The weekend’s events revealed there is trouble within the Progressive Party.
In celebration of the Arctic Council’s 20th anniversary, a two-day round-table discussion is being held in Reykjavík and Akureyri.
MPs from the Progressive and Independence parties voted against an amendment yesterday that would have given permission to cancel government grants to those who have gravely or repeatedly violated animal protection laws.
The weekend after this one, the future of two prominent politicians of the Progressive Party could be determined.
DV reports today that former education minister and former deputy chair of the Independence Party, Þorgerður Katrín Gunnarsdóttir, will be leading the list of candidates for the new Reform Party in the Southwest Iceland constituency in this fall’s election.
A Gallup poll conducted July 26-August 31 confirms that the Independence Party and the Pirate Party are Iceland’s largest political parties.
Foreign Minister Lilja Alfreðsdóttir’s bill on the establishment of a National Security Council was passed at Alþingi, the Icelandic parliament, yesterday. The council will be responsible for Iceland’s policy on national security and will be chaired by the prime minister.
Prime Minister of Iceland Sigurður Ingi Jóhannsson stated that it’s important for the government to send a clear message that the inequality which comes with sky-high bonus payments will not be tolerated. He calls the Kaupþing bonuses “tactless and even immoral.”
MP for the Progressive Party Höskuldur Þórhallsson has announced that he will run against the party’s chair, former Prime Minister Sigmundur Davíð Gunnlaugsson, as leader of the Northeast constituency.
The Independence Party has reclaimed its position as Iceland’s largest political party with a 24.6 percent support ranking, a new survey by MMR, shows. The Pirate Party, which has topped most polls for the past year and a half, is down to 22.4 percent.
Today, Icelandic President Guðni Th. Jóhannesson sent his and the Icelandic nation’s condolences to Italian President Sergio Mattarella and the Italian nation.
Today, the foreign ministers of Iceland, the Faroe Islands and Greenland signed a declaration regarding a plan to look into the advantages of establishing a three-way free trade agreement between the countries.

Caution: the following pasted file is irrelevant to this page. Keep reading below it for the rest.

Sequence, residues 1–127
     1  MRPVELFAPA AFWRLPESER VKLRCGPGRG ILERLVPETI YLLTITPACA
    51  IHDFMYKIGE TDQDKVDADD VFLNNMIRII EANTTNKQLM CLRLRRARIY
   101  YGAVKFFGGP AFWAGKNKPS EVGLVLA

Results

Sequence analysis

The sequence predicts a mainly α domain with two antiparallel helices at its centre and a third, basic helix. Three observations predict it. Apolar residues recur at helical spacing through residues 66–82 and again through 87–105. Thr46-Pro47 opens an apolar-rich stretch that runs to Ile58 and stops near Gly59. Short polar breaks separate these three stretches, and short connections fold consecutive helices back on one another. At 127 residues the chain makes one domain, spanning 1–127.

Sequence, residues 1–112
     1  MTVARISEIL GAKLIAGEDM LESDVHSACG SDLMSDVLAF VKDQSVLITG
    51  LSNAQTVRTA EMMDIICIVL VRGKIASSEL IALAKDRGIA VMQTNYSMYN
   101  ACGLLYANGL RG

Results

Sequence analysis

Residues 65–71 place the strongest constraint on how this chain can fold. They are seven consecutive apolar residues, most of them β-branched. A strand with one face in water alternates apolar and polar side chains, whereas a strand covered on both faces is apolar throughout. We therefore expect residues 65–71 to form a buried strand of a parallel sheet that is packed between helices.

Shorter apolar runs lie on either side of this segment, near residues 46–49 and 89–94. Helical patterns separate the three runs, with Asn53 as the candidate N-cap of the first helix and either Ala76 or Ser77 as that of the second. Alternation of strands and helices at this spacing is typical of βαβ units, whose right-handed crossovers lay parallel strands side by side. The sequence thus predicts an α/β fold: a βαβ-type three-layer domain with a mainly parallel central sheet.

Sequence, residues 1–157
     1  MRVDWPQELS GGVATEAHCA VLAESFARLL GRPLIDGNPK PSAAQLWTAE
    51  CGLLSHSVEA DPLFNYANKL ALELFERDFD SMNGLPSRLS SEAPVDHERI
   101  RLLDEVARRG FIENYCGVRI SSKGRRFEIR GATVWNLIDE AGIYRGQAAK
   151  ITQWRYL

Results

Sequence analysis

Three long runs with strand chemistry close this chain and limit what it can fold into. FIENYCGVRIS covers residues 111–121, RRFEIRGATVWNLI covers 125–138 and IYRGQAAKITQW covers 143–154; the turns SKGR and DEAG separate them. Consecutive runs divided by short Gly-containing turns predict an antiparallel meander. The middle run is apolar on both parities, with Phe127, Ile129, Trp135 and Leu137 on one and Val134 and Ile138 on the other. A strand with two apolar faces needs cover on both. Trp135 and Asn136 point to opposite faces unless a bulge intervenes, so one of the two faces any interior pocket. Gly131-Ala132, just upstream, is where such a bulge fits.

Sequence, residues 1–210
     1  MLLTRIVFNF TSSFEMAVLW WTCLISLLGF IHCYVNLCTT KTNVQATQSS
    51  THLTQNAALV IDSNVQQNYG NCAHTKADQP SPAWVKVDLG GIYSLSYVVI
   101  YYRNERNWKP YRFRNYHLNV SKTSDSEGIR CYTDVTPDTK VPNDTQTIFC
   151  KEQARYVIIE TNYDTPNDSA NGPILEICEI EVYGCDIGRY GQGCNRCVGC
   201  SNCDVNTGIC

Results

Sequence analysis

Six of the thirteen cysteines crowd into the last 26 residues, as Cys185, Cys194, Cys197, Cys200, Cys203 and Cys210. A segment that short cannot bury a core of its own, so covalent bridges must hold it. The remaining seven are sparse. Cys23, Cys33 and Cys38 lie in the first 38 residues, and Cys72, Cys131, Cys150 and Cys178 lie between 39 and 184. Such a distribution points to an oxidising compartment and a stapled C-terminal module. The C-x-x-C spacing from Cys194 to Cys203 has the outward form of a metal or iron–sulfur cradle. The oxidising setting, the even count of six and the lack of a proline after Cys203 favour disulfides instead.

President of Iceland Guðni Th. Jóhannesson has announced that he would like to change the tradition that the official who becomes acting president while the president is abroad—most often the prime minister—escorts the president to Iceland’s boarders.
Yesterday afternoon, Minister of Social Affairs and Housing Eygló Harðardóttir abstained during a vote on the Icelandic governmment’s budget plan for 2017-2021.
A draft resolution introduced yesterday by Finance Minister Bjarni Benediktsson and Prime Minister Sigurður Ingi Jóhannsson includes measures which would be a big step toward the lifting of capital controls in Iceland.
Newly declassified US documents reveal that during the Cold War, US authorities contemplated deploying nuclear weapons in Iceland without alerting Icelandic authorities.
Yesterday, Prime Minister Sigurður Ingi Jóhannsson and Finance Minister Bjarni Benediktsson introduced a new program called First Home, meant to make it easier for young people to purchase their first home.
Last week, Icelandic Minister of Social Affairs and Housing Eygló Harðardóttir introduced a draft resolution regarding parental leave.
Icelandic Minister of Education Illugi Gunnarsson has decided not to run for parliament in coming elections in October.
Last night, Icelandic government leaders proposed to the opposition that parliamentary elections be held on October 29th this year.
Minister of Fisheries and Agriculture Gunnar Bragi Sveinsson believes it would be a major mistake to nail down an election day for the fall.
Minister of Social Affairs and Housing Eygló Harðardóttir has not decided whether to run against former Prime Minister Sigmundur Davíð Gunnlaugsson as leader of the Progressive Party.